DOWNTOWN – Tuesday at noon, activists, political leaders and concerned citizens gathered at Luther Ely Smith Square near the Gateway Arch to protest Missouri’s latest legislation on abortion.
HB126, also known as the Missouri Stands for the Unborn Act, in effect bans abortion after eight weeks, with no exceptions for rape or incest. This follows the lead of similar bills in other states, namely Georgia and Alabama.
Tuesday’s rally was hosted by a slew of Missouri organizations, including the ACLU of Missouri, the Gateway Women’s Access Fund and NARAL Pro-Choice Missouri. With cars blaring their horns as they drove past, several local leaders stood up to deliver speeches to the crowd.
The first, the Rev. Traci Blackmon, senior pastor of Christ the King United Church of Christ in Florissant, rallied the crowd with a condemnation of the bill.
“Let me be clear,” she said. “This fight is not about life. It is about control. This assault on women will not stop abortion. It will prevent safe access.”
Other speakers echoed Blackmon’s sentiments. Tishaura Jones, the St. Louis treasurer, said, “This wave of abortion bills that’s going across the country is not about saving lives, it’s about control. It’s about the patriarchy.”
Of the male senators who voted for the bill, she added, “A man who would pass a bill to destroy his own mother deserves a special place in hell.”
The speaker line-up included many diverse perspectives. Jay-Marie Hill, the transgender education and advocacy program coordinator at the ACLU of Missouri, spoke about their experience as a trans person of color. They called on the folks in attendance at the rally to “incorporate this into our everyday fight.”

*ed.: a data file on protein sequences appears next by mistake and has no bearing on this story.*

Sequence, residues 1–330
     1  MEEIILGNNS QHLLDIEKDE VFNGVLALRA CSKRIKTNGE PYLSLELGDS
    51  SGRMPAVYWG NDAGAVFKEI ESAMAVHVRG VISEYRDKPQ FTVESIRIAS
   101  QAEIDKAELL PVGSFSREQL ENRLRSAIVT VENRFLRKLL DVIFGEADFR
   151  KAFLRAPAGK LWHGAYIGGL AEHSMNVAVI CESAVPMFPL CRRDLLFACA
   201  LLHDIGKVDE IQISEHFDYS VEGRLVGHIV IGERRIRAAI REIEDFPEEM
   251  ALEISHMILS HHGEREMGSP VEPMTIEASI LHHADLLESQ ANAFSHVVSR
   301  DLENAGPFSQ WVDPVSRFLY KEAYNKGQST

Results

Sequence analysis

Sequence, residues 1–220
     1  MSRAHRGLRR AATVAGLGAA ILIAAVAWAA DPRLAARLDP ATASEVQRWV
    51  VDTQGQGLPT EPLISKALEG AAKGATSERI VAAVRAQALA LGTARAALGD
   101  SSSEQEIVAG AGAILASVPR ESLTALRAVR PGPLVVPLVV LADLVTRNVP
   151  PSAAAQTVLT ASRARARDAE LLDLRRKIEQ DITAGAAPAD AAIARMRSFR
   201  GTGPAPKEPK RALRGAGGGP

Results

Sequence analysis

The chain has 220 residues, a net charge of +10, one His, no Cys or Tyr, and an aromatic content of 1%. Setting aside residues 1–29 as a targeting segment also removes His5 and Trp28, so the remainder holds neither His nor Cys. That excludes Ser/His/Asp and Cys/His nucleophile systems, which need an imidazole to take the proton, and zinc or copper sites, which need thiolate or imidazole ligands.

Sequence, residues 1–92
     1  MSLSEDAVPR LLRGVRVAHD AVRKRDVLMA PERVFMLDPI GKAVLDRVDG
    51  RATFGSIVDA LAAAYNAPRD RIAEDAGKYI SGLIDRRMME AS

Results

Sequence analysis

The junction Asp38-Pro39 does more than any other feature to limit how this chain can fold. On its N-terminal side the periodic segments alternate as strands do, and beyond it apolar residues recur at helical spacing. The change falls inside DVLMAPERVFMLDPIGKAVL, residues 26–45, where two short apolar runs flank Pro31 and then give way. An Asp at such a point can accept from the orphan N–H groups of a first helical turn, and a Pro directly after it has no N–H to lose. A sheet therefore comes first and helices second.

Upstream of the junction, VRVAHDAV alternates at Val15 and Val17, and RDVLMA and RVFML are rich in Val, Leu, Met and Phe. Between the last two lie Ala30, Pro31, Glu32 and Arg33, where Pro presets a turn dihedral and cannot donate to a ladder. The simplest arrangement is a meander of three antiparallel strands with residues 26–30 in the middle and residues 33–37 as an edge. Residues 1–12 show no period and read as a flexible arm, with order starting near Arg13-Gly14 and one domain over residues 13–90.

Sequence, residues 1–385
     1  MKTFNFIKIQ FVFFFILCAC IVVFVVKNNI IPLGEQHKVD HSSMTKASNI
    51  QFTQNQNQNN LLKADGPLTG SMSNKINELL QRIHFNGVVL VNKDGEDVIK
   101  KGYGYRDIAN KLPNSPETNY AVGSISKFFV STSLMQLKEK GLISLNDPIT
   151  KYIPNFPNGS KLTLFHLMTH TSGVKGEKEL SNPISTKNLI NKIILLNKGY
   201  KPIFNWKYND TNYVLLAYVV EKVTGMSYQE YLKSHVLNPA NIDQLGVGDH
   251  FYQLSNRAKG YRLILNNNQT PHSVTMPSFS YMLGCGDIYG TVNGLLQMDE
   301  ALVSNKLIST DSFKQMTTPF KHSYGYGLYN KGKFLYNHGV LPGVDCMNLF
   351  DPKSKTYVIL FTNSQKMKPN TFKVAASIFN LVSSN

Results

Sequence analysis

They added, “Freedom doesn’t defend itself, and it’s up to us to dream and act every day. Do you all know about the world we deserve? Have you thought about it today?”
Male speakers were present as well. One was David Wraith, a NARAL board member, who addressed the crowd by saying, “There are a lot of people, many of them men, who will tell you that now is the time to be calm. If now is the time to be calm, the question that I have is, when do we get upset? When do we get angry? I say now is the time.”
Other speakers talked about their personal experiences. Kat Kissick, an area artist, told the story of her abortion, calling it “pretty boring.”
She said, “I got pregnant. I didn’t want to have kids. That’s it. That’s it. And that’s all that anybody should ever have to say about it. … All you need to know is: I had a choice.”
Throughout the event, Pam Reckamp, an area actor who led the rally, gave out Gov. Mike Parson’s office phone number, urging rally attendees to make calls urging him to veto the bill. Reckamp told The SouthSider that it was reported by some that Parsons has been keeping a tally of the number of calls that come into his office about the bill.
Hundreds attended the rally. Some, such as father-daughter pair Emil and Lorelei Samson, traveled long distances to be at the event. The Samsons drove in from Kentucky to show their support. Each held a hand-made sign: Emil’s featured coat-hangers and read “Home Abortion Kit $5,” while Lorelei’s read, “You wouldn’t try to regulate my vagina if it fired bullets.”
Emil Samson said they had made the signs “to be as shocking and offensive as possible. When you pass a law to restrict women’s freedoms, I think you need to strike back with shock.”
They weren’t the only ones carrying provocative signs. One protester, who asked to be named by only her first name, Alice, held a sign that read, “Make Vasectomies Illegal.”
When asked to elaborate on her choice of poster, she said, “Men like control. They like to legislate for us about us, and if they were legislated, they would have a whole different view of legislating for us.”
The rally ended with a series of chants held in the middle of South Fourth Street.